Eating hot chili can help decrease the mortality rate

Eating chilies can help decrease the mortality rate, according to a research conducted by scientists from the University of Vermont in the US, writes UPI.com.

The research has shown that the mortality rate can decrease by about 13%.

Particularly, in cases of heart attacks and concussions, eating chili is a great way of prevention.

Studies on the mortality rate

Also, the conclusions of a previous study conducted in 2015 in China, showed a decrease in mortality in people who ate chili or similar plants.

Researchers from Larner College of Medicine have used information from the National Health and Nutrition Examination Survey (NHANES).

The data was collected from more than 16,000 Americans over a period of about 23 years.

After centralizing the data, it was found out the person who regularly consumed chilies was male, young, Caucasian or Mexican-American. The person was also married, smoking, drinking alcohol, eating more meat and vegetables. He had a low cholesterol level, lower incomes and education.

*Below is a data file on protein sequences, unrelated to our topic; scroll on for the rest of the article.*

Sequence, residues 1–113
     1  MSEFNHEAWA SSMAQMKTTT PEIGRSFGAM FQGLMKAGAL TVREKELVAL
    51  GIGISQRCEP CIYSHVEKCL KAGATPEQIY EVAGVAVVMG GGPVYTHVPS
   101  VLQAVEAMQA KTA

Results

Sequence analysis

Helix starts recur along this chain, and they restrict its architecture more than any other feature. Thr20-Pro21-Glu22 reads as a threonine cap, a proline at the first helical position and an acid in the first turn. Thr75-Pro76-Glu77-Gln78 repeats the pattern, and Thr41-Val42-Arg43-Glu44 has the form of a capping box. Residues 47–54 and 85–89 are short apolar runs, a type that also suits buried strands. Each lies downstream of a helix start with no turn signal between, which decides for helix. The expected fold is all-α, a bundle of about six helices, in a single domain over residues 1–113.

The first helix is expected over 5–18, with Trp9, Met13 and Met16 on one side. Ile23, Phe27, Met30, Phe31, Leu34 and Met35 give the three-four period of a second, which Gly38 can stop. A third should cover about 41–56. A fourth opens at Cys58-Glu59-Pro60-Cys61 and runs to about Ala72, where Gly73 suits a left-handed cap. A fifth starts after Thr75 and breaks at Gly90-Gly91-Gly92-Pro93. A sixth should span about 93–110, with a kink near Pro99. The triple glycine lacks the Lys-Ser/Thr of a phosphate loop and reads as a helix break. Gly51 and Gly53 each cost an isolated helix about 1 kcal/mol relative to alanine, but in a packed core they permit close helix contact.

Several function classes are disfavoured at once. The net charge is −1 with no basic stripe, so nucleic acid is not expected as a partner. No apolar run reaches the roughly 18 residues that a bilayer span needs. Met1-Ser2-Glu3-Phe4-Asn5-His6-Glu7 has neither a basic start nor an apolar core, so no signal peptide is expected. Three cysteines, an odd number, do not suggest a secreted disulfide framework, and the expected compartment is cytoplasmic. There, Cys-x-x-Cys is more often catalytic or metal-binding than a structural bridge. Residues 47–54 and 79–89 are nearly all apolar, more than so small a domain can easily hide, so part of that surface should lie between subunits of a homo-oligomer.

Scientists have conducted an additional investigation over 18,9 years. During the study, they have analyzed the mortality rate and causes of death of the study participants.

Although the mechanism by which hot peppers may delay mortality is far from being fully explained, here is a possible hypothesis.

TRP channels have a transitory potential of receptor cells. These are the receptors for agents such as capsaicin, the main component of chili peppers.

This may be, to a certain extent, responsible for the relationship between chili and the mortality rate, has indicated the researchers Dr. Mustafa Chopan and Benjamin Littenberg, professor of medicine at the University of Vermont.

According to researchers, the health benefits of hot peppers are due to their main component – capsaicin.

Capsaicin is known for preventing obesity, coronary blood flows regulation and has antimicrobial properties.

The study was published in the second week of January in the specialist journal PLoS ONE.

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